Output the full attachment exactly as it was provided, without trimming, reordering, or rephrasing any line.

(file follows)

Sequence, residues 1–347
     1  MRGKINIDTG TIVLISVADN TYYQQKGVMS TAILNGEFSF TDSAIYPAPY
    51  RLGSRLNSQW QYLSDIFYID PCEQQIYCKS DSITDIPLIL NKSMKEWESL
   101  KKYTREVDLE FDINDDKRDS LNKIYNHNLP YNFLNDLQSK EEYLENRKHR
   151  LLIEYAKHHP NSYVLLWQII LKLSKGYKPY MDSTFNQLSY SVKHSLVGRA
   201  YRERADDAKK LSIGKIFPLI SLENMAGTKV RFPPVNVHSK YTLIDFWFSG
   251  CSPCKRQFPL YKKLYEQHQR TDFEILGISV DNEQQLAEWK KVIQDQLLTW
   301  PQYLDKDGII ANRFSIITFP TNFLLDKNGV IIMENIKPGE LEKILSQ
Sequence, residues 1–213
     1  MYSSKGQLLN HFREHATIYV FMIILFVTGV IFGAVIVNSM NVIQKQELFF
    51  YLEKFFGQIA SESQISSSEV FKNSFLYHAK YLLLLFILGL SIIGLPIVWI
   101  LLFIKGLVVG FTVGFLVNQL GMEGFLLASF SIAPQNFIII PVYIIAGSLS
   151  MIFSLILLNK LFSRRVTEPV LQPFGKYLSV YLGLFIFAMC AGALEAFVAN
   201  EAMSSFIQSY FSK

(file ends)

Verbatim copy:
Sequence, residues 1–347
     1  MRGKINIDTG TIVLISVADN TYYQQKGVMS TAILNGEFSF TDSAIYPAPY
    51  RLGSRLNSQW QYLSDIFYID PCEQQIYCKS DSITDIPLIL NKSMKEWESL
   101  KKYTREVDLE FDINDDKRDS LNKIYNHNLP YNFLNDLQSK EEYLENRKHR
   151  LLIEYAKHHP NSYVLLWQII LKLSKGYKPY MDSTFNQLSY SVKHSLVGRA
   201  YRERADDAKK LSIGKIFPLI SLENMAGTKV RFPPVNVHSK YTLIDFWFSG
   251  CSPCKRQFPL YKKLYEQHQR TDFEILGISV DNEQQLAEWK KVIQDQLLTW
   301  PQYLDKDGII ANRFSIITFP TNFLLDKNGV IIMENIKPGE LEKILSQ
Sequence, residues 1–213
     1  MYSSKGQLLN HFREHATIYV FMIILFVTGV IFGAVIVNSM NVIQKQELFF
    51  YLEKFFGQIA SESQISSSEV FKNSFLYHAK YLLLLFILGL SIIGLPIVWI
   101  LLFIKGLVVG FTVGFLVNQL GMEGFLLASF SIAPQNFIII PVYIIAGSLS
   151  MIFSLILLNK LFSRRVTEPV LQPFGKYLSV YLGLFIFAMC AGALEAFVAN
   201  EAMSSFIQSY FSK